Engage Your Agents to Turn Around an Underperforming Contact Center

WRITTEN BY Vicki Brackett

Engage Your Agents to Turn Around an Underperforming Contact Center
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When the team is not performing at expected levels, the troops are gathered together, a rallying speech is given by the supervisor, and after cheerful, optimistic group chatter, everyone breaks and heads back to their assignments. Do those types of actions get enough traction to change the direction of your center’s performance? For some reason, there is a fallacy that leadership can “coach its way out” of poor performance. Unfortunately, this strategy doesn’t work long-term.

Frontline contact center leaders who have been instructed to “coach their way out” have most likely experienced the tug-of-war that ensues. Employees are momentarily rejuvenated, but that soon wears off and the contact center floor is once again filled with unhappy, unengaged employees delivering less than desirable performance. The executive team notices that the problem is not solved, turns to the frontline leadership for quick solutions and the cycle continues.

There is a direct relationship between employee engagement and performance. Getting employees engaged in the business (not just in their normal communication with customers) will reap huge rewards in turning around a low-performing center. Today, it takes a different approach than the traditional strategy of just “coaching your way out.”

Let’s look at the steps involved.

1. Responsible Leadership

Leadership must ask themselves these questions: Am I engaged? Am I just barking orders? Do I believe that the old ways will work? How is my leadership contributing to this problem? Somehow, leaders believe that because they are the leaders, they must know more than everyone else. But do they really? Leaders aren’t on the front lines handling one customer interaction after another. They are removed from the day-to-day ground level operations and need the insight of the people in those roles in order to be an effective leader. Which, raises the final question leaders must ask themselves: Am I willing to do things differently to get better results?

2. Getting People to Believe

Let’s face it, for most agents, handling one customer interaction after another is boring day after day, week after week, month after month. It doesn’t matter what the name of the organization is, where it’s located or what kind of perks are offered in the break room. Getting people to believe in an organization starts with having a vision of what the organization is going to accomplish. Then, every action can be inspired by that vision and everyone can help drive toward that big-picture goal.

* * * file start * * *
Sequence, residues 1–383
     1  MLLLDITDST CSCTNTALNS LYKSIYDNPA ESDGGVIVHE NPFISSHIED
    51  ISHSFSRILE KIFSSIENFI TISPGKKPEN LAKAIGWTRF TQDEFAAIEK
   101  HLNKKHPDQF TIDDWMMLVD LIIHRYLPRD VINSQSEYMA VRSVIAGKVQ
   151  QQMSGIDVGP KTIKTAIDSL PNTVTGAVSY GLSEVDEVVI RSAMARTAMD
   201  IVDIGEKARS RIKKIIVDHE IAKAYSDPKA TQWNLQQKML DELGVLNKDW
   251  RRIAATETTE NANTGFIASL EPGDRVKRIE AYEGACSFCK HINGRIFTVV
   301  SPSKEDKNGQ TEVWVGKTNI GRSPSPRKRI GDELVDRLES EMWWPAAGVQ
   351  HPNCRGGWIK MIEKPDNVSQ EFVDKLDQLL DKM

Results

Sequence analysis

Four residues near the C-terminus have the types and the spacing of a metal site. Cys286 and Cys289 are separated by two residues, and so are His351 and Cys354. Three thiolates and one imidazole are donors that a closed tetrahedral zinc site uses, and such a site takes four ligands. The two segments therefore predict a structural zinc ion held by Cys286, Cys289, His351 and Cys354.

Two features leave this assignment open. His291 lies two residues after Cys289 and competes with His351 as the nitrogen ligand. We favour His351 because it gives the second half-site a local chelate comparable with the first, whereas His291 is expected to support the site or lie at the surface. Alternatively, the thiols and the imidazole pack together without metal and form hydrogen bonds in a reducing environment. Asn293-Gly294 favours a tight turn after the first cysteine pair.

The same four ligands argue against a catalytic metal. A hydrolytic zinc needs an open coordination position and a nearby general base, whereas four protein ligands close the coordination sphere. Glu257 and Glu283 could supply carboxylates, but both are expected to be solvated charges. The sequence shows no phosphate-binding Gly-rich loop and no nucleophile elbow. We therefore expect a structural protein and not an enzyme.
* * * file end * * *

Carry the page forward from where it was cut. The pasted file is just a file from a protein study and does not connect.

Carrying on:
The vision could be a number of things—being named one of the best places to work, ranking No. 1 in customer service satisfaction scores, winning a J.D. Power Award for customer satisfaction or achieving social responsibility by contributing more to a local charity. What matters is that the vision is in front of the team with every email, phone discussion, chat and interaction. The vision should be mentioned at the beginning and end of every conversation. Don’t think for a minute that the team will get tired of hearing it or that it will begin to sound boring. Using big-picture phrases in every interaction will make the team start to believe it. And it is believing in a cause bigger than they are that will inspire the team to do their normal job duties differently.

3. Let Agents Own the Process

When there is a crisis in the contact center, the normal reaction is for leadership to create a process that they think will solve the problem, and then that process is pushed out to the agents. The agents read it, roll their eyes and groan, “This won’t work.” Many contact centers have ineffective processes in place because they were created without input from the people on the front lines—the agents. But unless management encourages agents to provide feedback and advice, they are unlikely to offer it.